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Lessons From Korea

This past Saturday marked the 60th anniversary of the armistice which ended the Korean War. The day passed quietly in South Korea, where I am spending some time–marked by a few fly-bys of South Korean F-16K jets and a low-key ceremony at the War Memorial in Seoul where President Park Geun-hye expressed her hope for lasting peace on the peninsula. It was a different story in Pyongyang where the Communist regime marked “Victory Day,” its self-serving label for the armistice, with a grandiose parade of military hardware including what were, in all probability, phony ICBMs and suitcase nukes adorned with ostentatious radioactive warning symbols. 

It’s hard to more accurately symbolize the divide between South and North–between, respectively, a peaceful, prosperous and democratic government and one that is militaristic, impoverished, and repressive. If the years since the Korean War and in particular the years since the demise of South Korea’s Sunshine Policy (1998-2008) should have us taught anything, it is that outreach from Seoul and Washington does nothing to melt the icy hostility of the North, which must preserve a continuing state of tensions to justify the despotic rule of the Kim dynasty. Providing subsidies or diplomatic recognition to North Korea in response to its threats and provocations only brings more of the same. Yet somehow the urge to placate the North proves irresistible. 

President Park is now offering the North a $7.3 million bribe–excuse me, humanitarian aid–to reopen the Kaesong Industrial Complex, which the North closed in April during a round of saber rattling. The industrial complex consists of South Korean owned-and-operated factories in North Korea, just north of the DMZ (from where it is visible), which employs more than 50,000 North Korean workers and generates at least $90 million in hard currency for the North. The whole thing is a giant boondoggle, run by the South as a sop to the North. Why Seoul is trying to reopen it is a mystery: if Pyongyang wants to close it and lose the benefits it derives from Kaesong, why is the South standing in the way and, in essence, demanding the right to continue subsidizing the North Korean regime?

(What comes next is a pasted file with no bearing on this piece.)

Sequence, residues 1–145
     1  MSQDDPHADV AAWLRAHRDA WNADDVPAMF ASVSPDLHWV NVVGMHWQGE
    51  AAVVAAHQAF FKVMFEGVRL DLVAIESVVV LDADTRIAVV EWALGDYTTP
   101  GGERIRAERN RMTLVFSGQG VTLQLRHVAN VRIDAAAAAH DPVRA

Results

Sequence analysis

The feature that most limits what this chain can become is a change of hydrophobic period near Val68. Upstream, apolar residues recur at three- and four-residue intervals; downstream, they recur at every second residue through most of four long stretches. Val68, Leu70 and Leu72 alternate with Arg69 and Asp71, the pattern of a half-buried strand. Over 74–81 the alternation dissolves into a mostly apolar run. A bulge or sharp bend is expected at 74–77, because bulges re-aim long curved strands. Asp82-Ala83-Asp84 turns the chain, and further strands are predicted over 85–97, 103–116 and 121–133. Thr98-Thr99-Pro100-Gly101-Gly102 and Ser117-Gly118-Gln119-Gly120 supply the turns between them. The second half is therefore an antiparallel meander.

This is to, put it mildly, counterproductive. The same might be said about Jimmy Carter’s umpteenth trip to North Korea, now being planned to free Kenneth Bae, a Korean-American tour operator and missionary who was arrested in the North and sentenced to 15 years’ hard labor. This is part of a long-standing pattern with the North, which likes to lock up Westerners to entice high-profile figures such as Bill Richardson, Bill Clinton, or Jimmy Carter to visit. Those visits, in turn, are presented to the North Korean population as if these leading Americans are paying obeisance to the Kims–which in some respects they are, albeit unintentionally. If Carter succeeds in freeing Bae it will be a good deed, but also one that will ensure more such kidnappings in the future.

It’s well past time for South Korea and the rest of the West to stop kidding themselves about the North Korean regime. It is not going to moderate itself. The only way the situation will improve is if the North Korean regime peacefully collapses–and providing any support or outreach to the unrepentant Stalinists of the North in the meantime is counterproductive.


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